Bushcraft Woodworking: Building a Shave Horse
Russ Chastain 12.03.20
In this newly-posted video we see bushcraft woodworking at its best, as Dan from CoalCracker Bushcraft strolls off into the woods and returns with a log about 6 feet long, which he proceeds to split and cut and carve and such, until he has built himself a shave horse (or shaving horse).
A shave horse is a construct which essentially combines a chair, a work bench, and a vise — for doing more advanced woodworking such as making round spokes and such using a draw knife.
In this dialogue-free video, Dan treks forth with axe and crosscut saw in search of timber, and returns sans tools with the heavy log on his back. He then splits the log lengthwise using hammer & wedges, then splits one of the resulting halves to form a plank of sorts.
He then sorta-kinda flattens or smooths the top of that plank using a hand adze (Dad used to call it a “foot subtractor” because it’s easy to chop yourself in the foot while using one), and uses a bow saw to cut the “barky” portion of the plank half of the original log. Splitting the two barked halves gives him 4 pieces from which to make the legs of his “horse.”
With hatchet and draw knife in true bushcraft woodworking fashion, he rounds and smooths the legs, forming the ends into round pegs which will fit into the holes he bores (manually, of course) into the bottom of his plank. Once the legs are fitted, he can sit on his incomplete horse and use his draw knife to get it truly smooth.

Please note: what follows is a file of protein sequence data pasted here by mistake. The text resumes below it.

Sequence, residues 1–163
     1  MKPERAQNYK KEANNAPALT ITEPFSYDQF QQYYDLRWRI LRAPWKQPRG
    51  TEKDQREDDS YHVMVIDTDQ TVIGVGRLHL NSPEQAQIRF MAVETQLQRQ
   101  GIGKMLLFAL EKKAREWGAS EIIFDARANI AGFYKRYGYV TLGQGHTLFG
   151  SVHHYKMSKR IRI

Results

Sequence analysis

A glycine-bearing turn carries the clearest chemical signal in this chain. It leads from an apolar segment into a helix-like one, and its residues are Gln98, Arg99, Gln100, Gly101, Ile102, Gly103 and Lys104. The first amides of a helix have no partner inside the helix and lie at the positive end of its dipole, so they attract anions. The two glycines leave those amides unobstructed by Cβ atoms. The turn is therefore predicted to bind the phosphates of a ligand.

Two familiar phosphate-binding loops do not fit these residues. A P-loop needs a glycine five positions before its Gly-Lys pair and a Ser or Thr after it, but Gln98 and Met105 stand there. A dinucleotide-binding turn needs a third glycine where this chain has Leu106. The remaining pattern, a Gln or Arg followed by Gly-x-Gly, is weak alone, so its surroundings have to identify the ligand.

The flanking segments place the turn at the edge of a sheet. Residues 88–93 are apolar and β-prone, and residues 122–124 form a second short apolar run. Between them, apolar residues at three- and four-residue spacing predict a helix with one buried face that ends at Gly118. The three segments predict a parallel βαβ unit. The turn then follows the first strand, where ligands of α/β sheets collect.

Next, he saws the other half of the log in half with his trusty (but apparently not terribly sharp) bow saw. Some strategic sawing and splitting gives him an interesting piece, which he further refines using hatchets. Then he does some splitting and some cogitating and some test-fitting as he forms the work surface.
After boring a hole through his bench sideways using brace & bit, he caves in to modern times by using a length of rebar as a pivot through that hole. Then he chisels a rectangular hole vertically through the bench, intersecting the bored hole.
From there, things get harder to describe — but there’s plenty of drilling, chiseling, and test fitting. When he’s done, he can sit astride the bench and push on the bottom of the clamp lever with his feet to secure a hunk of wood in place as he shaves it with a draw knife. Kind of using “bushcraft woodworking” to make it easier for him to do some less-primitive wood working.
Enjoy the video.